Harmonica. Exercises with Scale C major.

Harmonica. Exercises with Scale C major.

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The C major scale as a basic exercise?

Once we manage to produce clear sounds on individual channels of our instrument, both on the inhale and exhalation, we can start practicing on a specific melody. As the first such basic exercise, I propose the C major scale, the mastery of which will allow us, above all, to learn the pattern of what sounds we have on the inhalation and which on the exhalation. At the beginning, I encourage you to use a diatonic ten-channel harmonica in the C tuning.

When starting the game, remember about the narrow mouth layout, so that the air goes directly only to the designated channel. We start by exhaling, i.e. blowing into the fourth channel, where we get the sound C. When we breathe air on the fourth channel, we get the sound D. When we blow into the fifth channel, we get the sound E, and by inhaling the fifth channel we will have the sound F. the sixth channel we will get the G note, and the drawing in the A. To get the next note in the C major scale, that is the H note, we will have to inhale the next seventh stool. If, on the other hand, we blow air into the seventh channel, we get another note C, this time an octave higher, the so-called once specific. As you can easily see, each channel has two sounds, which are obtained by blowing or drawing air. Using four channels out of ten we have in our basic diatonic harmonica, we are able to perform the C major scale. So you can see how much potential this seemingly simplest harmonica has. When practicing the C major scale, remember to practice it in both directions, i.e. start from the fourth channel, go right to the seventh channel, and then come back playing all the notes one by one to the fourth channel.

Basic techniques for playing the C major scale

We can practice the known range in several ways. First of all, you start with this exercise at a slow pace, focusing on making all the sounds of the same length, with equal spacing from each other. The intervals between individual sounds can be planned longer or shorter. And if we want to clearly separate individual sounds from each other, then we can use the so-called the staccato technique of playing a note briefly, thus clearly separating one note from another. The opposite of staccat will be the legato technique, which is characterized by the fact that the sound from one to the other is designed to move smoothly without unnecessary pause between them.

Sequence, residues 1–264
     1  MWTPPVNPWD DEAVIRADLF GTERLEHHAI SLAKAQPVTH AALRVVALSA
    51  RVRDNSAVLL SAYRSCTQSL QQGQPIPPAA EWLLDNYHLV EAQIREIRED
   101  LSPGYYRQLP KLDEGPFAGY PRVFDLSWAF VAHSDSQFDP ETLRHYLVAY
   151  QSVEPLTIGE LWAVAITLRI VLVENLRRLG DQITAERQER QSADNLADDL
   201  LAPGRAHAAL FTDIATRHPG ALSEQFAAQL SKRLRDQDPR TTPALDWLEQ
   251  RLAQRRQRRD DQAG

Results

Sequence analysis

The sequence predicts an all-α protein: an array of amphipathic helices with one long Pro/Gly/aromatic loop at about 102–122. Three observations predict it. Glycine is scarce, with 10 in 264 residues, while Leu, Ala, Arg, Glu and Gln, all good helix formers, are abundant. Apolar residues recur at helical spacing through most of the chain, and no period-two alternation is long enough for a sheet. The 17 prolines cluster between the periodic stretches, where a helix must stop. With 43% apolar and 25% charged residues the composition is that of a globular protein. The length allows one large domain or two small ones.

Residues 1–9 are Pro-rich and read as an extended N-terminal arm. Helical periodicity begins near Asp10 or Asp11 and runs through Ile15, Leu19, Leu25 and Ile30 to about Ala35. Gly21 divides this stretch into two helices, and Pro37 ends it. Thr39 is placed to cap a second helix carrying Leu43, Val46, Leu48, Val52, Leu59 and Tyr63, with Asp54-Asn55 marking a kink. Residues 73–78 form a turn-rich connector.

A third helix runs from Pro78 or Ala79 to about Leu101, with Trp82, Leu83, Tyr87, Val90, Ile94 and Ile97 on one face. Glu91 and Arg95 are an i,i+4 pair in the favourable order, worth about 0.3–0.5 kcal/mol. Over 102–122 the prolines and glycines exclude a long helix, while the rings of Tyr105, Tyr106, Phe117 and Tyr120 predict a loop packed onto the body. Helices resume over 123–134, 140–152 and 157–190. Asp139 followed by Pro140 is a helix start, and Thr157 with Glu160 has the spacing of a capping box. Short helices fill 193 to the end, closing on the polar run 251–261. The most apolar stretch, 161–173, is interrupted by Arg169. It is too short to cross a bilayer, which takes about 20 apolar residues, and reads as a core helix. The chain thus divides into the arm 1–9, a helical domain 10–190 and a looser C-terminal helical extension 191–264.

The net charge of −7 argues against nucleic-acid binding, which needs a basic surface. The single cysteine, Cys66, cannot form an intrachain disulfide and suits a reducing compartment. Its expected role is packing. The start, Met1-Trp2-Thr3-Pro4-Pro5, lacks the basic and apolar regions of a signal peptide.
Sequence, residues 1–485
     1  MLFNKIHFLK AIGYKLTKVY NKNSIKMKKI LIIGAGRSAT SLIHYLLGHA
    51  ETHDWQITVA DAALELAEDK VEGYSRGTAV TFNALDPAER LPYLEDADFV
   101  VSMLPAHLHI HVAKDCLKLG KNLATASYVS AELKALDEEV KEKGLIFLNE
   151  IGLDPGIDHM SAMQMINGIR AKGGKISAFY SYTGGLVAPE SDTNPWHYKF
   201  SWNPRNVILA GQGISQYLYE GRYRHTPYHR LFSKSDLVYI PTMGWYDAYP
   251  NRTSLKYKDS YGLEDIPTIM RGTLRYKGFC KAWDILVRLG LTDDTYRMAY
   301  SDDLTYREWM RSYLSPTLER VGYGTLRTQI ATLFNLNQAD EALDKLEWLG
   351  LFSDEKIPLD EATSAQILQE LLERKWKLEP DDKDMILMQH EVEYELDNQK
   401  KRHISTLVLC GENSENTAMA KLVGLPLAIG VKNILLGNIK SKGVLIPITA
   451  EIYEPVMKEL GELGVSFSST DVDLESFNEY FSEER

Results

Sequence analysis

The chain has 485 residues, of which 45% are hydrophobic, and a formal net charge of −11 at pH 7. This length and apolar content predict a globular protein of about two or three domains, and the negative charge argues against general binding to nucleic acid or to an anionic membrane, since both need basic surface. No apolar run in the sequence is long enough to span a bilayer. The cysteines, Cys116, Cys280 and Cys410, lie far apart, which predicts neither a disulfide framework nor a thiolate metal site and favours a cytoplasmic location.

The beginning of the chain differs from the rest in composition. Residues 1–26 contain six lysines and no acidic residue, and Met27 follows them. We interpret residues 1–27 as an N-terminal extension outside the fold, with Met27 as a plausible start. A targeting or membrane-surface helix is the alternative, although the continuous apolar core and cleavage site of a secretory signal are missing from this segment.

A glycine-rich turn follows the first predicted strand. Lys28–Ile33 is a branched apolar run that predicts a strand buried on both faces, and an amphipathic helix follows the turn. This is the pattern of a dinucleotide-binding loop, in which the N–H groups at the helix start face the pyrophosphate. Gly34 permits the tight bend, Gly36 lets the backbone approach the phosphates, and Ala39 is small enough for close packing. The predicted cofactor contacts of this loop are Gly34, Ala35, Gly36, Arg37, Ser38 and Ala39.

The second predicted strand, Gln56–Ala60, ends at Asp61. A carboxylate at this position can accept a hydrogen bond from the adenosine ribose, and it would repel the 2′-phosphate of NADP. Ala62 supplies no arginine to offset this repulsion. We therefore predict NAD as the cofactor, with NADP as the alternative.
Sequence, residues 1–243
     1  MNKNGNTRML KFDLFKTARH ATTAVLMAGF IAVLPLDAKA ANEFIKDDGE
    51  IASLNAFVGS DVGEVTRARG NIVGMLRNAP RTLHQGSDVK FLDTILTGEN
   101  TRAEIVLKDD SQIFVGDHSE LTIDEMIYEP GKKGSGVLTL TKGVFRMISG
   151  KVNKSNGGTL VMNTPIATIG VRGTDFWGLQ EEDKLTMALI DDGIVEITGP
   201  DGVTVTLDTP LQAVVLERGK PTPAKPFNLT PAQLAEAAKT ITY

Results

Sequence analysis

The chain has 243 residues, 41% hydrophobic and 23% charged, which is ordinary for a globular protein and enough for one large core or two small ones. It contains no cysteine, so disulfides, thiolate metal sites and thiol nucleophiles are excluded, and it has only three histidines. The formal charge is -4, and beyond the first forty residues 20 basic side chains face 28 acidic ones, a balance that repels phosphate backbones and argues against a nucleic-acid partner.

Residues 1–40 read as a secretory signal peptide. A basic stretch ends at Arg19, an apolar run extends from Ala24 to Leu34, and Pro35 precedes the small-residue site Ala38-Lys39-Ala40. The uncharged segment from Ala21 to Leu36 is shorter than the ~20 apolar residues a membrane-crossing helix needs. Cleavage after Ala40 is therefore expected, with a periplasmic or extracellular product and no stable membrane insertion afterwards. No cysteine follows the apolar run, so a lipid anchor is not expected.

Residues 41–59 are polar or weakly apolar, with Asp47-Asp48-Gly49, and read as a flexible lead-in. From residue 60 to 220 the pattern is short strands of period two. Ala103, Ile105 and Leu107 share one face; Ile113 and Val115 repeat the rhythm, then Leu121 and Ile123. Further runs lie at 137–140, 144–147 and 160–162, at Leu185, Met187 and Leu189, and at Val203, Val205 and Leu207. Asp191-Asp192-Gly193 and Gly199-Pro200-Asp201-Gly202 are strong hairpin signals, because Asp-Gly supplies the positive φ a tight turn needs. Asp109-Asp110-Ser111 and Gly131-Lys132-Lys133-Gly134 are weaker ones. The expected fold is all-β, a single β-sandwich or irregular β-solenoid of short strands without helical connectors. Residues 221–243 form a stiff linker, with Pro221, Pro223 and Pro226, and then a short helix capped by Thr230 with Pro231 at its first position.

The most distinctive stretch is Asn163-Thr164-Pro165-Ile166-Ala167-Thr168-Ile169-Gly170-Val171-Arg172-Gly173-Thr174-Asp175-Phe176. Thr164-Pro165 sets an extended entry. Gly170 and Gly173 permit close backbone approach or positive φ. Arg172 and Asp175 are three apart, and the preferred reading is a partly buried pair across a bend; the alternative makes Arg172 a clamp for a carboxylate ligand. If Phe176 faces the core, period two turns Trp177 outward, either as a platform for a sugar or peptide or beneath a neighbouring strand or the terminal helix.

Why is it worth practicing scale?

Most of us, when starting our adventure with the harmonica, immediately want to start learning by playing specific melodies. It is a natural reflex of every learner, but when practicing the scale, we practice many elements that are common to the melodies played later. Therefore, such an important and important element in our education should be practicing the scale, which will be such a starting musical workshop for us.

It is also good to be aware of what sound we are playing at a given moment, which channel we are on and whether we are doing it while inhaling or exhaling. Such mental concentration will allow us to quickly assimilate individual sounds to a given channel, and this in turn will make it easier for us to quickly read new melodies from notes or tablature in the future.

Things to keep in mind when exercising

First of all, no matter what exercise we do, whether it is a scale, exercise or an etude, the basic principle is that the exercise should be performed equally. The best guardian for keeping an eye on the pace will be the metronome, which cannot be fooled. There are many types of metronome on the market, traditional mechanical and modern digital. Regardless of which one we are closer to, it is good to have such a device, because thanks to it we will be able to measurably observe our progress in education. For example: starting an exercise at a pace of 60 BPM, we can gradually increase it by, for example, 5 BPM and we will see how long we will be able to achieve a pace of 120 BPM.

Another recommendation for the exercises that you do is, in addition to doing them at a different pace or technique, do them with different dynamics. For example, in our example of the C major scale, play very softly the first time, i.e. piano, the second time a little louder, i.e. mezzo piano, the third time even louder, i.e. mezzo forte, and play loud the fourth time, i.e. forte. Remember, however, with this forte not to overdo it, because blowing or drawing in too much air can damage the instrument. The harmonica is quite a delicate instrument in this respect, so you should approach such a very loud exercise with caution.


When it comes to practicing a musical instrument, regularity is the most important thing, and there is no exception to this when it comes to the harmonica. Regardless of what we intend to play or practice on a given day, the range can be our basic practice before the target exercise or concert.

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